Children have no problem making their own fun. Give them a few outdated toys, a handful of couch cushions, or a backyard, and a child will use their imagination as the catalyst to somehow create something entertaining for themselves. This is an ability that’s likely lost on most people as they age, but Double Fine Happy Action Theater is a quick and enjoyable return to form.
DFHAT is a composition of 18 scenarios, the vast majority of which impose no goal or direction on the player. The game simply provides a setting and lets the player make their own fun. Smashing a city and swatting at helicopters a la King Kong, or feeding and subsequently scaring a group of pigeons is surprisingly cathartic when you aren’t prodded to do these things; rather, you do them because you can.
It’s immediately clear that while developing DFHAT, Double Fine made sure to place an emphasis on accommodating the way kids would play it. DFHAT has no menus that are necessary to play the game; each situation starts as soon as the last one ends, and they cycle endlessly. There is no drop in/drop out process to go through; players can join and quit DFHAT seamlessly and the game does a great job acclimating accordingly. Lastly, each scenario only carries on for a few minutes, which is probably on par with the attention span of most children.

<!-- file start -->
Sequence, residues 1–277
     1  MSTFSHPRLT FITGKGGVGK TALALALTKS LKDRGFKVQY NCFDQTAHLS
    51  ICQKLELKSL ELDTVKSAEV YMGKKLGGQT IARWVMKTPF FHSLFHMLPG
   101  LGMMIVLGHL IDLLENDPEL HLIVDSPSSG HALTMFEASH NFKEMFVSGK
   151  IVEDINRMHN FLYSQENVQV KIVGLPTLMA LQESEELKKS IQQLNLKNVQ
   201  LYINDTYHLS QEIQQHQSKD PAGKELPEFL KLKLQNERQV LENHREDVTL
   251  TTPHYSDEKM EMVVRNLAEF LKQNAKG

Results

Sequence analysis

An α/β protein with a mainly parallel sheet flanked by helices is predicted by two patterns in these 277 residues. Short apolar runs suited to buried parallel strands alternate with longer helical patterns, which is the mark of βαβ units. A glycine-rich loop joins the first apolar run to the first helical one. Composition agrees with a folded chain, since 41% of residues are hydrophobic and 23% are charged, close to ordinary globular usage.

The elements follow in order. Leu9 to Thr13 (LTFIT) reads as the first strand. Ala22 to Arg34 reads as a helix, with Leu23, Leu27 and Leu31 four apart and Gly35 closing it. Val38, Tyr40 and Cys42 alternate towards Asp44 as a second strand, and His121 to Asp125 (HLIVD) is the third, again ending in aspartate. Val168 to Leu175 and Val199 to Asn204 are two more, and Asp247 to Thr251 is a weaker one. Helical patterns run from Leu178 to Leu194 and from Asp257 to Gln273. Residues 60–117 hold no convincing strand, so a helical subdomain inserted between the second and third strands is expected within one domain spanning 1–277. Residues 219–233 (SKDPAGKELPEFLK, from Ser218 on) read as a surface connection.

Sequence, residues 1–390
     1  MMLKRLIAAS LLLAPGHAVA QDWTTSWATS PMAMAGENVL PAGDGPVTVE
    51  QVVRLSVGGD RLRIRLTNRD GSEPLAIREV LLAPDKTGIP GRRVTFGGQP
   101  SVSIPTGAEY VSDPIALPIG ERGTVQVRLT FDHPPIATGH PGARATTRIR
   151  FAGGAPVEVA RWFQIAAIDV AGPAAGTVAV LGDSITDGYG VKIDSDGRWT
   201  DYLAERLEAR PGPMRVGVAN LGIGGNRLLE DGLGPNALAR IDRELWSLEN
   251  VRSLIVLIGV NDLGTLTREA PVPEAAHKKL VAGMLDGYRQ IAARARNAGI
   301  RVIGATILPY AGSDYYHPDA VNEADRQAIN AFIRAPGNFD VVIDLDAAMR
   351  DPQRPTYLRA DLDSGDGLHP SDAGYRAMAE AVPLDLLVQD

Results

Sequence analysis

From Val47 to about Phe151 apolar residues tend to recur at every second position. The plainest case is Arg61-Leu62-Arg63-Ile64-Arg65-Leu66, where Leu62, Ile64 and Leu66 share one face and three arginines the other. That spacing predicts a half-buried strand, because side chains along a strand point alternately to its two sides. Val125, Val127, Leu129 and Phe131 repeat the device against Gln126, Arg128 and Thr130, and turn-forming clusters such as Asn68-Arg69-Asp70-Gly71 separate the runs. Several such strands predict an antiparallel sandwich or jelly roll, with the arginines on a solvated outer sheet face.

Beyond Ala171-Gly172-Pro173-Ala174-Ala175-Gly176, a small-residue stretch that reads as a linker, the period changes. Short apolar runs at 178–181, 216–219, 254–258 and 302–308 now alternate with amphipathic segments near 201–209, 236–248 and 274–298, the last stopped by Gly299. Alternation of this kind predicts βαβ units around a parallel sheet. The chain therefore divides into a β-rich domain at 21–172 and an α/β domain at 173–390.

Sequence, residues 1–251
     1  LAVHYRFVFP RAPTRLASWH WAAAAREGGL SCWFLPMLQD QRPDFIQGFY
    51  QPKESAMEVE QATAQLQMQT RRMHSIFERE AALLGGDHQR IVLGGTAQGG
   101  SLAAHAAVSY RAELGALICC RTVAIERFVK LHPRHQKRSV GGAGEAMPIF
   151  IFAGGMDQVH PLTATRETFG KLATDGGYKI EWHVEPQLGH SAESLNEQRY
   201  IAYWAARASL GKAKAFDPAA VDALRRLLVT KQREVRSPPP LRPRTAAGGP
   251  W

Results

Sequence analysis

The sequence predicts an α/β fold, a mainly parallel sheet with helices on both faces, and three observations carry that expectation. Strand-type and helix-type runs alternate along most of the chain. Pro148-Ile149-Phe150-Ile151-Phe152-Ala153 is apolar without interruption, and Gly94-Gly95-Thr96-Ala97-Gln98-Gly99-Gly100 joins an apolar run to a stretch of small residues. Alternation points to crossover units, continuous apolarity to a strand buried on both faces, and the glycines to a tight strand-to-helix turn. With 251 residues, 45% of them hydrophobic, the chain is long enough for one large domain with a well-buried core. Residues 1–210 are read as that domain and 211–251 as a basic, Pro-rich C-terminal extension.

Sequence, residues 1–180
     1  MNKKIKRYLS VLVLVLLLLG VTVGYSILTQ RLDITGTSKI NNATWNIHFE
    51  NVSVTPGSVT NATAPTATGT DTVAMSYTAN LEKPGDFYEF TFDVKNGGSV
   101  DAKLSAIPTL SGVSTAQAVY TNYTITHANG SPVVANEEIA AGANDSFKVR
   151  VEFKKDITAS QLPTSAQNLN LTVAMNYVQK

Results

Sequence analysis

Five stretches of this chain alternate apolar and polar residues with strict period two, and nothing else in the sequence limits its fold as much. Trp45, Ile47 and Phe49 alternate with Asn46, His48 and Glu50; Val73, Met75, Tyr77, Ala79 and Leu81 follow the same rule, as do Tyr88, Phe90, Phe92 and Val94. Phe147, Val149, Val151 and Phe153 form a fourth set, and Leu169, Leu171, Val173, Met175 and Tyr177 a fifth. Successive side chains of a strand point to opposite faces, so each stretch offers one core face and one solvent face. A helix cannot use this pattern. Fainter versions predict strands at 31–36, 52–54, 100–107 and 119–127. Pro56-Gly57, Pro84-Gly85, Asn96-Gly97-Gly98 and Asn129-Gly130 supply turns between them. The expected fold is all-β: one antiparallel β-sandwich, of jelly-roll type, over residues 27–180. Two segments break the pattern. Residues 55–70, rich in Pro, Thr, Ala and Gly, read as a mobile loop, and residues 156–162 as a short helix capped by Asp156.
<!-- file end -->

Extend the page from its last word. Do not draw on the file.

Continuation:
While the functionality of DFHAT is tailored to children, it doesn’t mean that the game is made exclusively for them. Adults will be able to find enjoyment in each of the scenarios at least a couple of times through, and it certainly works better as a party game than a solo endeavor. However, it seems that adding young ones to the equation will make for exponentially more opportunities to replay the game.
Ultimately, it’s near impossible to provide a review for a game that doesn’t strive to be a game. DFHAT quite competently puts all the pieces in place for players to have fun, but it’s up to the players to make something of those pieces. So, in lieu of a collection of deep statements about where the developer succeeded or failed, all I can really offer is that I had fun while playing DFHAT, which must mean that I was doing something right.